November 18, 1999
Thomas Bianchi likens the newly published book he edited to "a textbook for the Gulf of Mexico coastal region." The book, Biogeochemistry of Gulf of Mexico Estuaries, is a compilation of basic-science research from scientists from all coastal regions of the Gulf-from the Yucatan Peninsula in Mexico to the Florida Keys.
"When you talk to other marine scientists in other regions of the country, they are usually ignorant of the Gulf of Mexico and its estuaries," says Bianchi, an associate professor of ecology, evolution and organismal biology. "I think some of that is because the Gulf hasn't been showcased in the proper manner. This book does exactly that."
Basic research on the Gulf of Mexico and particularly its estuaries-the coastal areas where seawater mixes with freshwater-is vital to understanding one of the country's most significant aquatic resources, Bianchi says.
"The Gulf of Mexico is one of the major fisheries in the country and the largest river in the country drains into this system," he says. "It's also a dynamic system, meaning that very dramatic things happen there, as opposed to the open ocean where things are just moving along at a very steady pace."
The 34 contributors to the book include Bianchi and Brent McKee, associate professor of geology at Tulane. Topics encompass the biological, chemical and geological characteristics of the estuaries, their nutrient dynamics and how organic matter and pollutants move through these systems.
Bianchi and his fellow editors, Jonathan Pennock from the University of Alabama's Dauphin Island Sea Laboratory, and Robert Twilley from the University of Southwestern Louisiana, also provide a summary of the research's implications for managing issues related to water quality and commercial activities in these areas.
The book primarily consists of basic-science research, which focuses on fundamental scientific questions and lays the groundwork for future inquiry.
"Basic science is really critical to understanding many of the applied questions in natural ecosystems," Bianchi says. To understand any of the problems related to the presence of toxic metals or nutrients, like nitrogen and phosphorous, for example, you need to know and understand the forces that affect them. "There's no way that you can go out there and just measure concentrations of pollutants without understanding the basic mechanisms of fate and transport, which requires basic-science questions."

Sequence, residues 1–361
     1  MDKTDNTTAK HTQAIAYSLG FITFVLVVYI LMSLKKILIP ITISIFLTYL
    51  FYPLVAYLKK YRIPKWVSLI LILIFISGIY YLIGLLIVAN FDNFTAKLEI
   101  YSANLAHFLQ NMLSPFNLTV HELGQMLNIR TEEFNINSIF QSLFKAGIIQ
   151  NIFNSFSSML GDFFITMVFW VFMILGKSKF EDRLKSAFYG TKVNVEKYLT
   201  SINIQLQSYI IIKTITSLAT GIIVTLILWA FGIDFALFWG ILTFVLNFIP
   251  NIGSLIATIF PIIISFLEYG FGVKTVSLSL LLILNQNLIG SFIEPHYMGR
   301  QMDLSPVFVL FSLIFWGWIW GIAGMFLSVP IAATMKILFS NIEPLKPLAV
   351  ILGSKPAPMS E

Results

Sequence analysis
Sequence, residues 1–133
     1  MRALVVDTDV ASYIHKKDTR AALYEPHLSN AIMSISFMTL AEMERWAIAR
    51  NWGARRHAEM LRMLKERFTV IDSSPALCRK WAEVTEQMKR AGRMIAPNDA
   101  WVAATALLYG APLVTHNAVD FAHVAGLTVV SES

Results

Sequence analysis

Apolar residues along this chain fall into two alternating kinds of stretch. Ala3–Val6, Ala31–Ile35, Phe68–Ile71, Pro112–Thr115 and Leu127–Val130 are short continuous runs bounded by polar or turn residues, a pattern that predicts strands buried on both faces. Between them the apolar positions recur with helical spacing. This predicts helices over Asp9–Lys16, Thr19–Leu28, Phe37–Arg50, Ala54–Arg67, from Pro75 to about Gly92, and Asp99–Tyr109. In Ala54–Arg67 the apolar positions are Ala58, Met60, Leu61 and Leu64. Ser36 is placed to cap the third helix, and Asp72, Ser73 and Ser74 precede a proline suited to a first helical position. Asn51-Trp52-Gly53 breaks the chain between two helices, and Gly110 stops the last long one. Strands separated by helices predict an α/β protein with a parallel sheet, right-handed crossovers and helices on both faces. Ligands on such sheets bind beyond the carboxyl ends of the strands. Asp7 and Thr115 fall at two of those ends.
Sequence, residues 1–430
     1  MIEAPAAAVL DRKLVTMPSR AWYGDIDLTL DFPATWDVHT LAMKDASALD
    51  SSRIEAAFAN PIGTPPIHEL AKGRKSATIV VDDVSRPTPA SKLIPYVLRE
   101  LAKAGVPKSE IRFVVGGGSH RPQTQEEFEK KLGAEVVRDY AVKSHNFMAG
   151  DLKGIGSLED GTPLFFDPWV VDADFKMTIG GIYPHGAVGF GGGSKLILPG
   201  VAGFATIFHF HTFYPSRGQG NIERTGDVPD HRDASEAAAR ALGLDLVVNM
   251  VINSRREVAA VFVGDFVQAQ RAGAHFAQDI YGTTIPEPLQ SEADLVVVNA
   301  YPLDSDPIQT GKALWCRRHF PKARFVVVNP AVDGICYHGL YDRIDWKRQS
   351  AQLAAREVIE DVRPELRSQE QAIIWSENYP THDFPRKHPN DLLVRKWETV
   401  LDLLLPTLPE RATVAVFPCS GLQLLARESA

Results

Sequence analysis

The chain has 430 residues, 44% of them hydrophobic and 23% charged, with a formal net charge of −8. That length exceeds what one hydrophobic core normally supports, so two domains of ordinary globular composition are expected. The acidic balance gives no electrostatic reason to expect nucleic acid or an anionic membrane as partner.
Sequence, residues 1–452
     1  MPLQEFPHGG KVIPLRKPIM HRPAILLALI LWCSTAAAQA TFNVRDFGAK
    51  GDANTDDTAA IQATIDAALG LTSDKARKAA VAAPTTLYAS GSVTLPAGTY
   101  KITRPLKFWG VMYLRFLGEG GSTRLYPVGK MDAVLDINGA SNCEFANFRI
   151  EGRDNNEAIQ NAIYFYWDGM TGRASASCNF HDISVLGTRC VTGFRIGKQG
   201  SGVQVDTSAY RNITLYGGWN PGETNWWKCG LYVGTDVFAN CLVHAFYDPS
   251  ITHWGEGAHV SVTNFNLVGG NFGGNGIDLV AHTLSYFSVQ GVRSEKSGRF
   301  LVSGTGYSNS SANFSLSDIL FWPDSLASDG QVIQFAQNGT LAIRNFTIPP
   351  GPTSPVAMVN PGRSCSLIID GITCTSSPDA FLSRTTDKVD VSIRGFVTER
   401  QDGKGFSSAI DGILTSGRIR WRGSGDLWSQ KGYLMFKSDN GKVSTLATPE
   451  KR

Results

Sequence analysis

The book also documents the varied characteristics of estuaries along the 17,000 miles of Gulf shoreline. The southern tip of Florida is a carbonate system of coral reefs with little freshwater input, while the Louisiana and Mississippi estuaries are dominated by rivers.
The Laguna Madre system that separates Padre Island from the Texas mainland is a unique system that has the highest salinity of any coastal body of water in the country, Bianchi says. Compared to more extensively studied estuaries in the Northeast and on the West Coast, the Gulf of Mexico systems have some markedly different characteristics.
"The systems up north tend to shut down in the winter months, but the Gulf is subtropical and is much more dynamic year-round," Bianchi says. "Also, the tides are not as important as wind in terms of the mixing process."
The paucity of research on the Gulf is largely due to its location, Bianchi says. "A lot of it has to do with where marine scientists have historically been employed," he says. "The external funding for such research is also dependent on the proximity of the region to ears of politicians-most of the classic work that's been done on estuaries in the United States has been on the Chesapeake Bay."
Because this is a particularly good fit with the university's Mississippi River Interdisciplinary Research program, Tulane can play a major part in future studies of the Gulf's estuaries, Bianchi says. "This book is the only resource of its kind for this region," he says. "It's a good link for us to continue to gain recognition in coastal and riverine studies."
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